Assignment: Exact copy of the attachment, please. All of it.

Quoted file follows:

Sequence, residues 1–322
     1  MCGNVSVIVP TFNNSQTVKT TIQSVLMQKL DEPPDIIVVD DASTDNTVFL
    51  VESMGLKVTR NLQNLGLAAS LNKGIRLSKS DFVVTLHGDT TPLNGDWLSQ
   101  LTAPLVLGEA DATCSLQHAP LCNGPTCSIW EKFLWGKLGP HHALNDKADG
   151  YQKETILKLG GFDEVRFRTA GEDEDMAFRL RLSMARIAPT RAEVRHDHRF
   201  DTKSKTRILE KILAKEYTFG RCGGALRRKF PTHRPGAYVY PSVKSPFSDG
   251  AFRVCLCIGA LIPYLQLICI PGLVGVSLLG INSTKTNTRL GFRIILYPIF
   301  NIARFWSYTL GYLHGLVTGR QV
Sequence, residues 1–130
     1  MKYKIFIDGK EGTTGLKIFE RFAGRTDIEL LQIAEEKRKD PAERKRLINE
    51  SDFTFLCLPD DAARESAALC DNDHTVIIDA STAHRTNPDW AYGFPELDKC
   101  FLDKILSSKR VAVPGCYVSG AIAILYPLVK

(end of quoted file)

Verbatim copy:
Sequence, residues 1–322
     1  MCGNVSVIVP TFNNSQTVKT TIQSVLMQKL DEPPDIIVVD DASTDNTVFL
    51  VESMGLKVTR NLQNLGLAAS LNKGIRLSKS DFVVTLHGDT TPLNGDWLSQ
   101  LTAPLVLGEA DATCSLQHAP LCNGPTCSIW EKFLWGKLGP HHALNDKADG
   151  YQKETILKLG GFDEVRFRTA GEDEDMAFRL RLSMARIAPT RAEVRHDHRF
   201  DTKSKTRILE KILAKEYTFG RCGGALRRKF PTHRPGAYVY PSVKSPFSDG
   251  AFRVCLCIGA LIPYLQLICI PGLVGVSLLG INSTKTNTRL GFRIILYPIF
   301  NIARFWSYTL GYLHGLVTGR QV
Sequence, residues 1–130
     1  MKYKIFIDGK EGTTGLKIFE RFAGRTDIEL LQIAEEKRKD PAERKRLINE
    51  SDFTFLCLPD DAARESAALC DNDHTVIIDA STAHRTNPDW AYGFPELDKC
   101  FLDKILSSKR VAVPGCYVSG AIAILYPLVK